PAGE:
As cannabis culture comes out from underground, and into the mainstream, the style and the taste of the cannabis user is also undergoing a major shift. Gone are the days of the dreadlocked white kids, unshowered and unshaven and covered with pot leaf emblems. The smart companies are planning accordingly, aiming there branding and marketing at hip, urban professionals. Or zeroing in on a more specific group, like Foria, the pot-infused vaginal lubricant, which is reaching out to today’s empowered and sexually liberated woman.
5. Developing New Tech.
One of the most promising frontiers in the marijuana industry is the technical one. Look for companies who are developing new devices, software, apps and social networks aimed at cannabis users, both recreational and medicinal. Take Massroots for example, an app and social network designed and built with stoners in mind. They make it safe to “talk pot” and share photos of your buds and bongs by protecting user’s identities. They offer suppliers of weed and accessories a unique opportunity to advertise directly to their target market – for which they might be willing to pay quite handsomely.
6. Marijuana Tourism.
A big chunk of the legal pot revenue in the pilot states actually comes from out of state, as stoners across the country pile into planes and rebuilt Volkswagens to come see the promised land and taste the sweet, skunky flavor of freedom. Once recreational pot becomes commonplace, the phenomenon of “cannabis tourism” will largely fall by the wayside. But in the meantime, for those states bold enough to be the first, there is a lot of money to be made catering to out-of-towners. Weed friendly hotels, tour guides, and the like are a smart investment.
There are many who would love to experience the sensation of getting high, without the smoking part. And there are many marijuana smokers who still love to partake in ganja-infused goodies. Companies like Dixie Elixirs & Edibles are glad to cater to both crowds. They are taking the world of cannabis edibles way beyond the stereotypical pot brownies and offering their customers fun and innovative new ways to “get your buzz on.”
One of the most glorious and highly anticipated consequences of legalized weed is being able to get off the couch, get out of the house, and have a stoned night out on the town – without fear of getting busted for it. Look for cannabis friendly restaurants, movie theaters, concert venues and more to really take off in the years to come.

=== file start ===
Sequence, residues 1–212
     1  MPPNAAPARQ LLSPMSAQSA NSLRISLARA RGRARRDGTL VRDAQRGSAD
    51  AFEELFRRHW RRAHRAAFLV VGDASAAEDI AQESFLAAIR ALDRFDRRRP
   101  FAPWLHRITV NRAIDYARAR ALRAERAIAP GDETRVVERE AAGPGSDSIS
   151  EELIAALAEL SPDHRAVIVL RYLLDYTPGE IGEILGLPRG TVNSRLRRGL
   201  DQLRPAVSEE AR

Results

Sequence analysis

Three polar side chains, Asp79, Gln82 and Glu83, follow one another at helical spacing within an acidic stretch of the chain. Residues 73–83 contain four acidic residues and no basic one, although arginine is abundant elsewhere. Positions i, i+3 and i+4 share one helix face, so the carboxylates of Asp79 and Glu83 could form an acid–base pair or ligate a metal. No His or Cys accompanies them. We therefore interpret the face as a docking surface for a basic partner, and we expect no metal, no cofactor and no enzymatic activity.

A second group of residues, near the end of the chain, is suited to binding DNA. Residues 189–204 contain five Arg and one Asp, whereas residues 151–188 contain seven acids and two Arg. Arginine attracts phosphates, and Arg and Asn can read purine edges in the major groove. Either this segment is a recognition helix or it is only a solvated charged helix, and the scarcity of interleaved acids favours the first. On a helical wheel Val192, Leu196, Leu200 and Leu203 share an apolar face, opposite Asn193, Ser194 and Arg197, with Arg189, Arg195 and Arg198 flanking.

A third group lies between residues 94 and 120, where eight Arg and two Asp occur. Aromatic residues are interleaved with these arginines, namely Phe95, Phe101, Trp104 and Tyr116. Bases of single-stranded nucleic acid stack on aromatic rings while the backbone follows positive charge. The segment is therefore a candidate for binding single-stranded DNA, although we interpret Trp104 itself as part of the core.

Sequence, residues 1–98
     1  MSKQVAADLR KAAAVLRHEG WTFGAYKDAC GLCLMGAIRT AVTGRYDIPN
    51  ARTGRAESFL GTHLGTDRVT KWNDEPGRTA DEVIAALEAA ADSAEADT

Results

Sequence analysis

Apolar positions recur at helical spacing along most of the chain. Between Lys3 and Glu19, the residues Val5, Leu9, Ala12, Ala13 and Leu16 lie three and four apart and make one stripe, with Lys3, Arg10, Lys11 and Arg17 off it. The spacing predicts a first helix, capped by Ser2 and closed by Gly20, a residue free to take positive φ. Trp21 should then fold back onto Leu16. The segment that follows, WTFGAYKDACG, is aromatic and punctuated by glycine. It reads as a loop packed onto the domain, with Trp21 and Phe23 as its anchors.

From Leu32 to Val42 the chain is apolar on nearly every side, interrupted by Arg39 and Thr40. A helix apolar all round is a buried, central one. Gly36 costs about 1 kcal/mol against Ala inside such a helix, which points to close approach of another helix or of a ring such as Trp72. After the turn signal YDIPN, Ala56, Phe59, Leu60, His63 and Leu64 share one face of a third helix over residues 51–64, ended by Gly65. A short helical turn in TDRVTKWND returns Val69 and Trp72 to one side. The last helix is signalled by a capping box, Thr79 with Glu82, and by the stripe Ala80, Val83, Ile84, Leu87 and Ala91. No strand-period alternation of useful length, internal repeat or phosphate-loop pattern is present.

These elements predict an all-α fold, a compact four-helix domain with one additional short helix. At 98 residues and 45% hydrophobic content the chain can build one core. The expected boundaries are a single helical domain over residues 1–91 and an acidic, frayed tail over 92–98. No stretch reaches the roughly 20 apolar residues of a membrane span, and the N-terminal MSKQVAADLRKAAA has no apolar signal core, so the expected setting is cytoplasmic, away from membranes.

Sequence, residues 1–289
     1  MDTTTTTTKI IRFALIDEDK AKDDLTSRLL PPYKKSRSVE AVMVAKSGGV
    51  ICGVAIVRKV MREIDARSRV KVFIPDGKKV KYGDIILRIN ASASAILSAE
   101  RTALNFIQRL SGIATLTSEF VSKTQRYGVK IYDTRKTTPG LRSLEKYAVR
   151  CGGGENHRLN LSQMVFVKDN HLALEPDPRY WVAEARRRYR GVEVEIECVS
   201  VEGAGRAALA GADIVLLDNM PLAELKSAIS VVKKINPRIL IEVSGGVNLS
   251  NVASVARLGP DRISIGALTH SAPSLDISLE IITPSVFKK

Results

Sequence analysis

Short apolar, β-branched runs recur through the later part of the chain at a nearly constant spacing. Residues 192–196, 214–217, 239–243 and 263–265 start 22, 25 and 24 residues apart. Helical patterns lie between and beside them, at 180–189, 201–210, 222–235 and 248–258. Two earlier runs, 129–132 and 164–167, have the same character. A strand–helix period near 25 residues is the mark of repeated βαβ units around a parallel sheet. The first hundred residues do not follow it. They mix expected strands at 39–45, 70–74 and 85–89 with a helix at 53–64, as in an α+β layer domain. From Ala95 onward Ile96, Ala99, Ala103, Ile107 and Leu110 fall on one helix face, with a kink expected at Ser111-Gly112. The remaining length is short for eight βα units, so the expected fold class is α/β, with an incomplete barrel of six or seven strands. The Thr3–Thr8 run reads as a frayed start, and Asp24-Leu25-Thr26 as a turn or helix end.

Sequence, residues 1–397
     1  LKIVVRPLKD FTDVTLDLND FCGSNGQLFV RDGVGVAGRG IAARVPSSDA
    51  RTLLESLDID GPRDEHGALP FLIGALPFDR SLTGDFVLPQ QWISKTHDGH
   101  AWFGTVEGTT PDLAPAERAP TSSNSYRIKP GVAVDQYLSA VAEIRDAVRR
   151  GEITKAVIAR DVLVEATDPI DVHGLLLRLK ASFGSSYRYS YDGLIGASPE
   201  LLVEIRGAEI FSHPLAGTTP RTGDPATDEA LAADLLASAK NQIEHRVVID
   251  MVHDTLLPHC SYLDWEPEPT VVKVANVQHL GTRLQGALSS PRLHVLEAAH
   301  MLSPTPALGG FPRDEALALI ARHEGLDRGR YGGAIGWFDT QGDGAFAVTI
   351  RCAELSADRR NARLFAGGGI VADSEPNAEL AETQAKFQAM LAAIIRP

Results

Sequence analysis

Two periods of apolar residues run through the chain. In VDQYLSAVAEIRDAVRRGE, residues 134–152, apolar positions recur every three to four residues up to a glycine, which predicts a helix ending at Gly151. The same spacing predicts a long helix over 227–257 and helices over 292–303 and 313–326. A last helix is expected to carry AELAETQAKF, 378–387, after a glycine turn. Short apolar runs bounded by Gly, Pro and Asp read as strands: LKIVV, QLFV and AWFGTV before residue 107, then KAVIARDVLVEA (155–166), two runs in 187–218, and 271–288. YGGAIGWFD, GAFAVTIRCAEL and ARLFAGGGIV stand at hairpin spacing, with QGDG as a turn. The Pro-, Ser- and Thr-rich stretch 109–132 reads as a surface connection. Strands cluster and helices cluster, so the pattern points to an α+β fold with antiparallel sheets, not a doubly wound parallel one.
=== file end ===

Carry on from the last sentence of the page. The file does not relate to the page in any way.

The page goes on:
9. Pharmaceutical Pot.
As promising a future as recreational pot might have, the future of medical marijuana may be brighter still. While recreational use is now legal in 4 states (and D.C., kind of), medical marijuana is already available in some form in 23 states. We have barely begun to explore the medicinal potential of cannabis, and as the Schedule 1 stranglehold is relaxed, and pharmaceutical testing really takes off, we will witness the dawn of a new era in which medical pot is available in all 50 states, in a variety of powerful strains customized to treat different ailments with minimal side effects. The U.S. spends more than $300 billion on pharmaceuticals each year. Just imagine how big a slice cannabis can take out of that pie…
While not as sexy and glamorous as running a dispensary, hemp farming is definitely going to skyrocket in the near future. The industrial uses of hemp are limitless. The fiber of the plant is perfect for making all kinds of paper and paper products, as well as cloth and textiles. An acre of hemp is hundreds of times more productive than an acre of forest, three times as profitable as soy, and is more hardy and requires less water than cotton. The oil from hemp seeds have medicinal applications, and an also be used for cooking, lubricant, varnish, and ink. Once the legal restrictions are lifted, hemp will be a life-saver to struggling farmers, a boon to the U.S. economy, and a major victory in the fight against deforestation and climate change.